At the moment I'm fascinated by lists. Last year it was studies - why blondes are happier, whether people with cats have fewer health problems - and now it's 21 famous schizophrenics, 15 celebrities with chipped teeth and the like. I'm not saying who they are in case it's not true and I get sued, but you can look them up yourself if you want.

Hopefully, I'm safe with the world's most famous gardeners, although one columnist who compiled such a list for the Daily Telegraph got into hot water over it.

Realising he had offended some gardeners by leaving them out, he had the following advice for them:

1. Compile your own list, making sure my name is on it.
2. Print it out.
3. Repeatedly strike out my name using a sharp HB pencil.
4. Repeat steps 1 to 3 until you start to feel better.


Which demonstrates how idiotic such lists are. Unfortunately, most lists of famous gardeners are made up largely of those who have been made famous by television, which tends to preclude the plant-hunters, botanists, scientists and plant breeders we have to thank for the diversity of the plants we use - and anyone who died before getting their own garden show.

One common choice who hasn't been on any chat shows I've ever seen and who truly deserves a place on any list is Piet Oudolf, the influential Dutch plantsman. A leading light in naturalistic planting design, he has been largely responsible for the trend for form rather than colour, and for our introduction to grasses as valuable garden plants. He's worked all over the world and won the commission for the Olympic Park legacy planting.

Carol Klein has certainly been on television a lot of late but how could you not love her mad hair, curious dress sense and extraordinary "non-television" voice? She's been No2 on the BBC's Gardeners' World and has her own cottage garden series. Creative and passionate, she knows truckloads about plants and gardens, and the pace and integrity of her programmes take me back to the days of Maggie's Garden Show. I also make an effort to stay awake for Monty Don on Gardeners' World, and it's not for his posh accent either.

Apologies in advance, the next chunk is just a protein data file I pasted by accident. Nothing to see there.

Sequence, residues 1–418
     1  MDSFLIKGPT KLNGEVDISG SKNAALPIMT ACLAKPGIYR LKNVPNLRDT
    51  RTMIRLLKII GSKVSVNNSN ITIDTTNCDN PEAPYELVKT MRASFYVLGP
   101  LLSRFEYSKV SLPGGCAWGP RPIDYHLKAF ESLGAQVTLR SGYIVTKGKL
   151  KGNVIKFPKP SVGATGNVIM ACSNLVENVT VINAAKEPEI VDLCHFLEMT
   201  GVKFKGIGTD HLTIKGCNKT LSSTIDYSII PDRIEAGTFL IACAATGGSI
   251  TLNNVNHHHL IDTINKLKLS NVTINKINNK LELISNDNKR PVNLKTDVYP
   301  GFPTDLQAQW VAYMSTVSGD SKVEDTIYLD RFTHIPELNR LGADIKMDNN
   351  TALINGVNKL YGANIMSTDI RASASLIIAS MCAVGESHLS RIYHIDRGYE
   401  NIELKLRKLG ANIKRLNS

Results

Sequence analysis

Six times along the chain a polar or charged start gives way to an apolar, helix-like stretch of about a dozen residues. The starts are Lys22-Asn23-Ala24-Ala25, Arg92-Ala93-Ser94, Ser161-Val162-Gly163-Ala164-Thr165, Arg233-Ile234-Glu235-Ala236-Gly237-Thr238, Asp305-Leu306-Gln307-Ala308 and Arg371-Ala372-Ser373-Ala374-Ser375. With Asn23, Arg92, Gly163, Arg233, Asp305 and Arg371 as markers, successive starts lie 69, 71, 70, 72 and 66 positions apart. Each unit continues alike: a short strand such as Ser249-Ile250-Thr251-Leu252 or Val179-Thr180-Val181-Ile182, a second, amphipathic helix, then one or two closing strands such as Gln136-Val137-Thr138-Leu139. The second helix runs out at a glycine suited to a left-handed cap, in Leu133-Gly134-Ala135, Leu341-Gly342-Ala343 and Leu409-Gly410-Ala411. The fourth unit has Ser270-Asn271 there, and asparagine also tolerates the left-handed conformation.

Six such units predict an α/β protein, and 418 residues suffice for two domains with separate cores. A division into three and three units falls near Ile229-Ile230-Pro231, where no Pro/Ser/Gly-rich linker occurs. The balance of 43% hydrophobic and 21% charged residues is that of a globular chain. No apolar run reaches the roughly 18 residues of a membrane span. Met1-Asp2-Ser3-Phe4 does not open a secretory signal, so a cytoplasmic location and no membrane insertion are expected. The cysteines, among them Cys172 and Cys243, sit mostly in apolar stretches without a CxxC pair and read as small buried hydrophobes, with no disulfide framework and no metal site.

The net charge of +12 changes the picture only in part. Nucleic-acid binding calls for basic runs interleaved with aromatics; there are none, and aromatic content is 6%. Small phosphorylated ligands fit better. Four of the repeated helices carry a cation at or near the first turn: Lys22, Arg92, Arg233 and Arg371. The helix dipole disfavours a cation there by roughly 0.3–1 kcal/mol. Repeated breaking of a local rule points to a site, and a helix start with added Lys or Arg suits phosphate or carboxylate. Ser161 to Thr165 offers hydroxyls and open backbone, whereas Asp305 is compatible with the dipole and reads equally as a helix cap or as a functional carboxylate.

Although British gardeners dominate these lists I did come across an American list. I recognised the name of Allan Armitage, who was described as "a fountain of herbaceous knowledge". Yes, he has been on the telly, but he's best known for his books and wide-brimmed hat.

I'm a bit ashamed to admit that the only other names I recognised were Michelle Obama and Martha Stewart. I'm sure they do have wonderful gardens but - and call me cynical if you like - I suspect they spend very little time up to their elbows in dirt.

The garden at Mawarra Manor is a famous surviving example by designer Edna Walling.
The garden at Mawarra Manor is a famous surviving example by designer Edna Walling.

I don't suppose Josephine de Beauharnais did either, and it must be admitted that she was certainly more famous for marrying Napoleon, which is possibly a bit like being famous for introducing gorse to New Zealand. However, I'd put her on a list because Josephine was a passionate gardener and had a famous 19th-century collection of roses at the Chateau de Malmaison. The roses she collected can still be seen at l'hay les roses in Paris.

Close to home is Edna Walling, a designer in the style of Gertrude Jekyll. Walling was born in Devon, England, and came here with her parents before settling in Australia. In the 1920s she developed a village with "English" gardens at Mooroolbark, contributed to the Australian Home Beautiful magazine and wrote Gardens in Australia (1943), Cottage and Garden (1947) and A Gardener's Log (1948).

I haven't mentioned any New Zealand gardeners here because I don't want to be inundated by emails telling me who should have been there but were not.

Quotes to sprout ideas

I love reading garden quotes, and there are heaps of them because just about every famous person in the world has said something notable about gardening.
My two favourites have to do with trying to live a more self-sufficient and sustainable lifestyle.

"The first supermarket supposedly appeared on the American landscape in 1946. That is not very long ago. Until then, where was all the food? Dear folks, the food was in homes, gardens, local fields, and forests. It was near kitchens, near tables, near bedsides. It was in the pantry, the cellar, the backyard."
- Joel Salatin in Folks, This Ain't Normal: A Farmer's Advice for Happier Hens, Healthier People and a Better World.

"The greatest fine art of the future will be the making of a comfortable living from a small piece of land."
- Abraham Lincoln